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International Bon Vivant and Raconteur

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September 2nd, 2011

When You Are Engulfed In Flames [Sep. 2nd, 2011|09:59 am]
International Bon Vivant and Raconteur
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When I started reading David Sedaris' essay collections back in the early '00s, one of the reasons I found them so funny--sometimes laugh out loud, sometimes grin and nod, but always funny--is because Sedaris is fully aware of how petty, jaded, and spoiled he is. He has no illusions about his own privileges or shortcomings, and that's where so much of the humor comes from. His fifth collection, When You Are Engulfed In Flames, is no exception. Only Sedaris could make an essay about how his partner Hugh walks faster than he does come off not only as hilarious, but also universal, as if we all have a partner named Hugh who walks so far ahead it's as if he's ashamed to be seen with us.

There isn't a bad piece in the bunch, but if I had to choose favorites, the first that springs to mind is "That's Amore," which chronicles Sedaris' experiences with an old battleaxe of a neighbor named Helen, a judgmental hag who swears like a sailor and belittles everyone, but with whom Sedaris manages to strike up a hesitant friendship. It's so fully realized, and Helen is such an amazing, vital character, that this one could be a feature film in its own right.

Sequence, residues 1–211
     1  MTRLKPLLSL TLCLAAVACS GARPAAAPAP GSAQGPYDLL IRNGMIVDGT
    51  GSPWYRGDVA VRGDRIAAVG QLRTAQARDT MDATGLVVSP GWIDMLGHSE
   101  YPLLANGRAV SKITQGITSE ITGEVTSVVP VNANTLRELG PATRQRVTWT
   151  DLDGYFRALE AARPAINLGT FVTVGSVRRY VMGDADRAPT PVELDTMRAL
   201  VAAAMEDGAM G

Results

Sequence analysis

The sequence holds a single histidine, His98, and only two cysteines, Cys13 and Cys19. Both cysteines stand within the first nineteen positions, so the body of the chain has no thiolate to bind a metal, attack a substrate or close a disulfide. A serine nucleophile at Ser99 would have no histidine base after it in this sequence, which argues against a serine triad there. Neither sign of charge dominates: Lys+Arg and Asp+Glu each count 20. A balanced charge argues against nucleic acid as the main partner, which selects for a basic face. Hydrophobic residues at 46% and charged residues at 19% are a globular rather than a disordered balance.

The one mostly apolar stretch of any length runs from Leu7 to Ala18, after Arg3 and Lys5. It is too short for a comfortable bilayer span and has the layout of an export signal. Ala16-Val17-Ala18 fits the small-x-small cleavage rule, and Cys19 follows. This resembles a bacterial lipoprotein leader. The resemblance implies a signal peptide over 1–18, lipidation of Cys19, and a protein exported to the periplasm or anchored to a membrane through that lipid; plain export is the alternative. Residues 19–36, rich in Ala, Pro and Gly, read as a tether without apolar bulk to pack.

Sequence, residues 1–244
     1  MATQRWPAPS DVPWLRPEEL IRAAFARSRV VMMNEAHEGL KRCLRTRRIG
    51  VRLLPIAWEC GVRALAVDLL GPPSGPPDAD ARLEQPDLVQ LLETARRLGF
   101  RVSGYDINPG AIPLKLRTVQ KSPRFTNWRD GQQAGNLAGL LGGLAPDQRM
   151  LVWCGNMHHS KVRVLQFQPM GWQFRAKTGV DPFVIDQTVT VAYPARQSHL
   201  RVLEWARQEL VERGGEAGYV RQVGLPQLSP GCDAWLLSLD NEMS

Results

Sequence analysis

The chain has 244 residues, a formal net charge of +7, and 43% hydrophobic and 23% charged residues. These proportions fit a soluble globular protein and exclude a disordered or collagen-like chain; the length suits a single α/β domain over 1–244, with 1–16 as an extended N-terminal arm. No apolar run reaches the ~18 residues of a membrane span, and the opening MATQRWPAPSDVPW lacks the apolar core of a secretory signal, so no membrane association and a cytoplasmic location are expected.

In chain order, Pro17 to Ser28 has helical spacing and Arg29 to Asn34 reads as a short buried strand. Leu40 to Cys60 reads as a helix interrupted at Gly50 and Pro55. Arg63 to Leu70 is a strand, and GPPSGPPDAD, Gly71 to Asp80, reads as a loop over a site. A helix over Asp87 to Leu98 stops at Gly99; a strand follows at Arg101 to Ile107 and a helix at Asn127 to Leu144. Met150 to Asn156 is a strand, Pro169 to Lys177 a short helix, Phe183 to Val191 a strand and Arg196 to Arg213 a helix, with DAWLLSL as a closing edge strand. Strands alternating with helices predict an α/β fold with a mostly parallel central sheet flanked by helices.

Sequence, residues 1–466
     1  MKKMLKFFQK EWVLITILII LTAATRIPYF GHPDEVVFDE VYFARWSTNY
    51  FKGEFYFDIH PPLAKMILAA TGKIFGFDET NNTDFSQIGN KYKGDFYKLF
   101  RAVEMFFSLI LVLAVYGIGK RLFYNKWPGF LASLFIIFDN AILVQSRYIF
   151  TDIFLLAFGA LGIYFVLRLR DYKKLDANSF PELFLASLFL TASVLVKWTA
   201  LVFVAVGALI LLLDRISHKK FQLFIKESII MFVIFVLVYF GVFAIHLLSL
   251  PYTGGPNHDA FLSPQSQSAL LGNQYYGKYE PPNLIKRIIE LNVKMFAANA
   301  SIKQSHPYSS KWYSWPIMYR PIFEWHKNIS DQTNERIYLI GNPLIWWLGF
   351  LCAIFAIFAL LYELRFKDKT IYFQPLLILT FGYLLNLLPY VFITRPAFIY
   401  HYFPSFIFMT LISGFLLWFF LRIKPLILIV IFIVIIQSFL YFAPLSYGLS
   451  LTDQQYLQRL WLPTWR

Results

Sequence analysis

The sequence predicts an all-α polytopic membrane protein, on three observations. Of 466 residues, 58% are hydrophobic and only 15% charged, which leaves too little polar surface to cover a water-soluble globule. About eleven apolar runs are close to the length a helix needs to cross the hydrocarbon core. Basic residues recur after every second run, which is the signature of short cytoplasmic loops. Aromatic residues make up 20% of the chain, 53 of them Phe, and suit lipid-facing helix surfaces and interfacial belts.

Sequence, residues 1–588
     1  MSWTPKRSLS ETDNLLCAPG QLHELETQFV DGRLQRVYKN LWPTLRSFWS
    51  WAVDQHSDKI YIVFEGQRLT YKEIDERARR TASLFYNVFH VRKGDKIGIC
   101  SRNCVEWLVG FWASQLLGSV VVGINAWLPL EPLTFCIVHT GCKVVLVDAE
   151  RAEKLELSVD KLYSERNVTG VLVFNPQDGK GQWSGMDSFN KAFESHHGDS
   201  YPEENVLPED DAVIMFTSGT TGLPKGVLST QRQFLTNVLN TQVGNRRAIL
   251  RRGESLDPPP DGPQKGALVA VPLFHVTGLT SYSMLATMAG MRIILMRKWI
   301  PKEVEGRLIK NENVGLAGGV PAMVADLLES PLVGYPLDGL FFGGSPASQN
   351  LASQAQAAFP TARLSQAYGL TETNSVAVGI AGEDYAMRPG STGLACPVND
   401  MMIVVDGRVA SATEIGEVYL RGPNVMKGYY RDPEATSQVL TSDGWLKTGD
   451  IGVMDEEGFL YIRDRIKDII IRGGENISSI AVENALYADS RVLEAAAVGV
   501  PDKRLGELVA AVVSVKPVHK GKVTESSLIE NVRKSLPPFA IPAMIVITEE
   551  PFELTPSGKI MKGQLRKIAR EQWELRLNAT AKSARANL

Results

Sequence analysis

I was also particularly fond of "Memento Mori," in which Sedaris buys an actual human skeleton, the kind one finds in med school classrooms, for Hugh as a Christmas present. Subsequently hung from the ceiling in the corner of their bedroom, the skeleton becomes a foil for Sedaris, a constant and supernaturally chatty reminder of his own mortality.

And then of course there's "The Smoking Section," the final, novella-length essay that, as a chronicle of Sedaris finally quitting smoking, had special resonance for me. I found myself nodding in agreement with many of his observations, and sometimes even growing angry at him for not figuring out fast enough just how much better off he is without smoking. But his triumph reminded me of my own, I suppose, and I closed the book with a grin and a nod, thinking, perhaps wishfully, "That David Sedaris, he's just like me."

If you haven't read Sedaris, I highly recommend him. When You Are Engulfed In Flames is as fine a place to start as any. There's no need to read his collections in chronological order, though there's no harm in it either, and they're all well worth your time.

I am also hugely bitter when it comes to the Sedaris family. Between David and his sister Amy Sedaris (of "Strangers With Candy" fame), there's far too much talent on display. Though when I say bitter I think I mean jealous, as part of me wishes I had been born into their family too, if only so I could spend more time with them.
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